Dr. Christopher Basler is one of 3 Georgia Research Alliance Eminent Scholars among the institute’s faculty
Lead researcher awarded a $4.1 million federal grant to develop an antiviral drug targeting Ebola virus
Lead researcher awarded a $419,100 federal grant to study a virus similar to Ebola virus that causes disease in animals
Creating mutations in a key protein that helps Ebola escape the body’s defenses can keep the virus from making its hosts sick and activate protective immunity, researchers report.
The mutated virus even works as a vaccine to protect animals from infection with the Ebola virus, they say.
The study suggests that VP35, a protein that enables Ebola virus to block early immune responses to infection, is critical for virulence and is a potential drug target.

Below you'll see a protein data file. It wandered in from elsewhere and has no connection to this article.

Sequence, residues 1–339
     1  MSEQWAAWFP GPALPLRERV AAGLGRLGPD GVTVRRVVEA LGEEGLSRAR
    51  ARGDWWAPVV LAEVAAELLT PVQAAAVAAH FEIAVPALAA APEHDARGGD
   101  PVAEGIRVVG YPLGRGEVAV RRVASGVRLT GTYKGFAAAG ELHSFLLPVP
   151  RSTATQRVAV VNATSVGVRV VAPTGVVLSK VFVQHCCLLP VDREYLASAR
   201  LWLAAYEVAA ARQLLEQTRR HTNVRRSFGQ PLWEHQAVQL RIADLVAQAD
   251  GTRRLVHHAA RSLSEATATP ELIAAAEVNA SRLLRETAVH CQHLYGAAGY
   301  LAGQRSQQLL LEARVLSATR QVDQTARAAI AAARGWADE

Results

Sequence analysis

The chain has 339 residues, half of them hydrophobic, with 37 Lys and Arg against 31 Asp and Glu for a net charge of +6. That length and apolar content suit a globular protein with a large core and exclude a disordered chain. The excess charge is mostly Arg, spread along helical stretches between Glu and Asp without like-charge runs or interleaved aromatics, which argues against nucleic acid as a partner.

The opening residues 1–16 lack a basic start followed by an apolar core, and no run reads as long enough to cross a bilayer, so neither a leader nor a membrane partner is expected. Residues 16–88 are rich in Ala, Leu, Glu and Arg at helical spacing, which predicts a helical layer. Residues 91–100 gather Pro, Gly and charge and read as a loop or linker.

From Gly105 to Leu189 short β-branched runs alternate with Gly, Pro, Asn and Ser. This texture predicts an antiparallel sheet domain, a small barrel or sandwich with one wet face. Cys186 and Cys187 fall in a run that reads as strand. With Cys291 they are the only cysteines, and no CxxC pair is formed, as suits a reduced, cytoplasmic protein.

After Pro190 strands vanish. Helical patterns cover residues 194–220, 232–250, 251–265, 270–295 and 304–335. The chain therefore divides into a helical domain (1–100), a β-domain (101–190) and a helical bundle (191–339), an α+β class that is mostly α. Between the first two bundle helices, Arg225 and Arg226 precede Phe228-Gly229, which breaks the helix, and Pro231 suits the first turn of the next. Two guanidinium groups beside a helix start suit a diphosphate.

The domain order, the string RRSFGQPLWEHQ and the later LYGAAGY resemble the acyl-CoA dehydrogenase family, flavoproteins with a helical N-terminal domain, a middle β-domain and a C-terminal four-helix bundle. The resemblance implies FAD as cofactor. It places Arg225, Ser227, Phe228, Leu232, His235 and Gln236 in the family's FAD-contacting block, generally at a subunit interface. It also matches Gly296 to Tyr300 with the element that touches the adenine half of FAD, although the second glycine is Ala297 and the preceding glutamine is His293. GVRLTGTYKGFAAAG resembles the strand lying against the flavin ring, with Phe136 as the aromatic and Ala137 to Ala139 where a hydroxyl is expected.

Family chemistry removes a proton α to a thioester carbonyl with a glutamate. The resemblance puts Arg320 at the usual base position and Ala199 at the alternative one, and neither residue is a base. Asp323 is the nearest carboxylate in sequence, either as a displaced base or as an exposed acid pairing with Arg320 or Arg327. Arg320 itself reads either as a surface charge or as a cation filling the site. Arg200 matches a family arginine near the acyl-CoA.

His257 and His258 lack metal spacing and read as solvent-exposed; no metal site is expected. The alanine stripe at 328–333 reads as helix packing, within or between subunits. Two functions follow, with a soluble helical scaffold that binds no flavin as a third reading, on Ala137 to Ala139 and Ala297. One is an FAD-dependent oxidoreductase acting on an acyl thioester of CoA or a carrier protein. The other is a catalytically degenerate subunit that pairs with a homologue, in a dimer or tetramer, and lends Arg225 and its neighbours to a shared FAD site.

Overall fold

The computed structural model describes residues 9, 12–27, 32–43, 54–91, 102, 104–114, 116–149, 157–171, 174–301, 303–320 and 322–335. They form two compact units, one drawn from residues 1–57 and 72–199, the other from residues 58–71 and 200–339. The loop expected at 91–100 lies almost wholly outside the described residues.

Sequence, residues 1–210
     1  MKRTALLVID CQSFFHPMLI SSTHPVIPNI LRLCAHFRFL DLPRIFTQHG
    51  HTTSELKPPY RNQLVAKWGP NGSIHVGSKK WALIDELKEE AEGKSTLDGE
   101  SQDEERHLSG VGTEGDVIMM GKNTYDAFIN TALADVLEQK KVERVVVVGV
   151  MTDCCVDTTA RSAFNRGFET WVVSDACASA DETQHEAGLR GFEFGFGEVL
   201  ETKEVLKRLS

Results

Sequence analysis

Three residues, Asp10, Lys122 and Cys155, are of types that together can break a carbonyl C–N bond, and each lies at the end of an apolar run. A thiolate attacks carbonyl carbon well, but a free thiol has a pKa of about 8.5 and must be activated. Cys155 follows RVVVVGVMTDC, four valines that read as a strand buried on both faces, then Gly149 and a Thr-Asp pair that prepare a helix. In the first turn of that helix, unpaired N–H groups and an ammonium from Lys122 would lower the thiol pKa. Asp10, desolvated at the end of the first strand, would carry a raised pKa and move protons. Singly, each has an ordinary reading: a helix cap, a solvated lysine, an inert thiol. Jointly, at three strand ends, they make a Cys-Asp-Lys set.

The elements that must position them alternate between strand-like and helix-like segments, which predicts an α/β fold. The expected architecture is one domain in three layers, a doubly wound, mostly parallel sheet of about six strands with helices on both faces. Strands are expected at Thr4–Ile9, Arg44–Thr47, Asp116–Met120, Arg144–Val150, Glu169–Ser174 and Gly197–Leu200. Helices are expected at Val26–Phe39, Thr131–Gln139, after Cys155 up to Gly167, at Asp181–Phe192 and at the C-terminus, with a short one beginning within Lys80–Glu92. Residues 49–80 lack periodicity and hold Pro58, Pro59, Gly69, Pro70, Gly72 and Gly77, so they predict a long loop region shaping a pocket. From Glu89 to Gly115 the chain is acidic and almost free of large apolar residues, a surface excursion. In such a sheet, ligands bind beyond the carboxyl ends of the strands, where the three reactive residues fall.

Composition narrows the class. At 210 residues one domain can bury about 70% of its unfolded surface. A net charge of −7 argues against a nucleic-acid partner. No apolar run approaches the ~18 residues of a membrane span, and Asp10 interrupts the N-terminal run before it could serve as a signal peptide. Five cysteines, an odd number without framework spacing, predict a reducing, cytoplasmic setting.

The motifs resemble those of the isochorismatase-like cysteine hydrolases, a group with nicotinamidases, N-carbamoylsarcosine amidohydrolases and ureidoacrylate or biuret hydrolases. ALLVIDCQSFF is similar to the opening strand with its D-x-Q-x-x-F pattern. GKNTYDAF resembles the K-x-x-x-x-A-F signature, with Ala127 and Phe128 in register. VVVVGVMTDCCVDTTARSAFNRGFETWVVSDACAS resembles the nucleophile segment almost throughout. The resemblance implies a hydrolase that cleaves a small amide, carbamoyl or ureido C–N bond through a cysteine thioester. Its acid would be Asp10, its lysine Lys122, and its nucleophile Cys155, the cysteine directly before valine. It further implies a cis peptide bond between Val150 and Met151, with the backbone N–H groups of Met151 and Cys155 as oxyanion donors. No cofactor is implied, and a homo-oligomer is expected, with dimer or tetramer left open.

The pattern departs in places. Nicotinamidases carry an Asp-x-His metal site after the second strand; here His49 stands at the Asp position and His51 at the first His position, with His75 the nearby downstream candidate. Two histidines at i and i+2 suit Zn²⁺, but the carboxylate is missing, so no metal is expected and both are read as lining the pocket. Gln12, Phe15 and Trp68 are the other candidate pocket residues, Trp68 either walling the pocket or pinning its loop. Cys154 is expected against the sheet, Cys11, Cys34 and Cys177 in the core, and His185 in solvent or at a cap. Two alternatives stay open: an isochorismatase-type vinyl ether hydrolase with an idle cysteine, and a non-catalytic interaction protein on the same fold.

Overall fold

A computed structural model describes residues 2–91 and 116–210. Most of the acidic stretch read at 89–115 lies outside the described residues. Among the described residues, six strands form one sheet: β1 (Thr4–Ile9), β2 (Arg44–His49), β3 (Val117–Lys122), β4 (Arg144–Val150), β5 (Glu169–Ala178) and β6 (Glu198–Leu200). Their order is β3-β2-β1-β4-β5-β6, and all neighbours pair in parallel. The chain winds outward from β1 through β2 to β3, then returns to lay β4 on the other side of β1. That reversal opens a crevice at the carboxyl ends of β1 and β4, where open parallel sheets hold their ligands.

- Christopher Basler, Ph.D.
Dr. Christopher F. Basler is the director of the Center for Microbial Pathogenesis and professor at Georgia State. Basler obtained his Ph.D. from Albert Einstein College of Medicine in 1995. He became professor of microbiology at Icahn School of Medicine at Mount Sinai in New York City in 2013. He was elected a Fellow of the American Academy of Microbiology in 2014. His major research interests are immune evasion and replication mechanisms of filoviruses and other emerging RNA viruses. Notable achievements include the identification and characterization of Ebola virus and Marburg virus interferon antagonist proteins.
Dr. JoAnn Marie Tufariello, associate research professor, has been awarded a two-year, $309,849 federal grant from the Department of Defense to develop a tuberculosis vaccine using virus like particles engineered to promote a strong immune response. To date, effective vaccines that prevent the most common forms of tuberculosis do not exist.